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United States Department of Agriculture

Agricultural Research Service

Research Project: INTEGRATED INVASIVE SPECIES CONTROL, REVEGETATION, AND ASSESSMENT OF GREAT BASIN RANGELANDS

Location: Great Basin Rangelands Research

Title: Disruption of the vacuolar calcium-ATPases in arabidopsis results in the activation of a salicylic acid-dependent programmed cell death pathway

Authors
item Boursiac, Yann -
item Lee, Sang Min -
item Romanowsky, Shawn -
item BLANK, ROBERT
item Sladek, Chris -
item Chung, Woo Sik -
item Harper, Jeffrey -

Submitted to: Journal of Plant Physiology
Publication Type: Peer Reviewed Journal
Publication Acceptance Date: September 9, 2010
Publication Date: September 13, 2010
Citation: Boursiac, Y., Lee, S., Romanowsky, S., Blank, R.R., Sladek, C., Chung, W., Harper, J. 2010. Disruption of the vacuolar calcium-ATPases in arabidopsis results in the activation of a salicylic acid-dependent programmed cell death pathway. Journal of Plant Physiology. 154:1158-1171.

Interpretive Summary: Calcium in plants regulate a variety of responses to the environment, including a programmed cell death (PCD) that protects them from pathogens. Calcium signals are determined by influx channels and efflux pumps or cotransporters. Only two calcium pumps have been located at the vacuolar membrane and loss of their function triggers a PCD-like response visible as lesions on the entire leaves. Lesions appearance was prevented by genetically reducing the accumulation of the plant hormone salicylic acid, or by a novel hydroponic culture media containing at least 15 to 20mM anions. Under those conditions, transpiration in the double mutant was increased, demonstrating a role of the vacuolar calcium pumps in controlling multiple aspects of cellular physiology, including a programmed cell death pathway and transpiration.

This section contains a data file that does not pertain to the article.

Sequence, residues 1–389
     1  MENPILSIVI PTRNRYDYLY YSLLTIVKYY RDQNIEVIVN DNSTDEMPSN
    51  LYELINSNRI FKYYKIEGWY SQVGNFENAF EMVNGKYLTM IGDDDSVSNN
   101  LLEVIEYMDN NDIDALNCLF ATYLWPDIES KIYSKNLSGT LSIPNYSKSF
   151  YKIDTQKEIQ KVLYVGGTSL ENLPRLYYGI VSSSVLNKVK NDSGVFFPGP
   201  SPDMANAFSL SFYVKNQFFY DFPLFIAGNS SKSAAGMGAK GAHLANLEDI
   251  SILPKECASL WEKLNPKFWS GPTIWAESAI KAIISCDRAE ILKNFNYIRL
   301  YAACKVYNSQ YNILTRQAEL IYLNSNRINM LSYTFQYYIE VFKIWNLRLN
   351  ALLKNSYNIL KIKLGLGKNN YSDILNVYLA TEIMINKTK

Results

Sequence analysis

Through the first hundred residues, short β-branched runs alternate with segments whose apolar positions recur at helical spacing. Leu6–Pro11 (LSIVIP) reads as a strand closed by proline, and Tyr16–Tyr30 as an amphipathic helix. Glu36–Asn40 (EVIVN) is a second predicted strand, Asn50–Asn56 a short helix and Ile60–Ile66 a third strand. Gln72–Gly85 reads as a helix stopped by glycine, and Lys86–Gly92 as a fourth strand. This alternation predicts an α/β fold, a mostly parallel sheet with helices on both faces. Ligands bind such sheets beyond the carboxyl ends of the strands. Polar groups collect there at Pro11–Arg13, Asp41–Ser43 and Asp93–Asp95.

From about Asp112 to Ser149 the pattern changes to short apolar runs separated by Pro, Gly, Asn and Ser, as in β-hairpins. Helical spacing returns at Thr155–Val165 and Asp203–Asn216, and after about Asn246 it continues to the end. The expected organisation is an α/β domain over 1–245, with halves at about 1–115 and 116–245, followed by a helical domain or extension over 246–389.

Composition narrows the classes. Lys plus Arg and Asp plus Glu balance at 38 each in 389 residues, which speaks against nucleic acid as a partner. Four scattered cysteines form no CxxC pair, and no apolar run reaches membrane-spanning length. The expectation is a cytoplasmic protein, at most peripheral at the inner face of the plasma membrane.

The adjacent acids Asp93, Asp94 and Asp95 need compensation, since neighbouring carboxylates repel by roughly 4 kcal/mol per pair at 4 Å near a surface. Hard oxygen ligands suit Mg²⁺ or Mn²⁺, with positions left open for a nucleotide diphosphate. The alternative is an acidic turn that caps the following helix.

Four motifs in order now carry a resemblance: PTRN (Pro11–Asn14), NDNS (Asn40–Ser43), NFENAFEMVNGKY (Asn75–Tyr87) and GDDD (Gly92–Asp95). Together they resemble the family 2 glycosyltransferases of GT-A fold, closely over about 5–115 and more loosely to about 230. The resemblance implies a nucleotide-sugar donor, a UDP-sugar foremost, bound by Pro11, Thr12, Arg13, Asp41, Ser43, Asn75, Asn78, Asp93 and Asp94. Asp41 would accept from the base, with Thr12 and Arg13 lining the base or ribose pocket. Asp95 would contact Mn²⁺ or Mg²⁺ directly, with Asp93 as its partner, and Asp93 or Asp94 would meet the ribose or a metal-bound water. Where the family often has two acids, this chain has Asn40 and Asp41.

Technical Abstract: Calcium (Ca2+) signals regulate many aspects of plant development, including the Hypersensitive Response (HR) that triggers a programmed cell death response to protect a plant from a pathogen. A transient increase in cytosolic Ca2+ ([Ca2+]cyt ) results from Ca2+ entry from the apoplast or release from internal stores (e.g., the vacuole). A return to steady state [Ca2+]cyt levels is achieved through calcium/proton exchangers (CAX) or calcium pumps (ECA and ACA). In Arabidopsis, two calmodulin-activated Ca2+ Pumps (ACA4 and ACA11) have been found located in the tonoplast. Here we show that a double mutation of these two pumps results in a high frequency of HR-like lesions in plants growing under normal conditions. Lesions could be suppressed by disrupting the production or accumulation of salicylic acid (SA), as shown by combining aca4/11 mutations with a sid2 mutation or expression of a NhaG SA degradation enzyme. A novel conditional suppression was observed when nutrient supplies were supplemented with high (> 15 mM) levels of either phosphate, nitrate, or chloride. This conditional suppression was lost within three days of moving plants to more normal nutrient conditions. Lesion onset was found to originate primarily in mesophyll cells, as indicated by the appearance of micro-lesions detected by aniline blue staining. Under nutritional conditions that suppress lesions, aca4/11 also exhibited a higher transpiration rate, indicating that the vacuolar pumps help regulate calcium signaling pathways other than those that trigger programmed cell death. Altogether, those data demonstrate a role of the vacuolar calcium pumps in controlling multiple aspects of cellular physiology, including a programmed cell death pathway.

Last Modified: 9/29/2014
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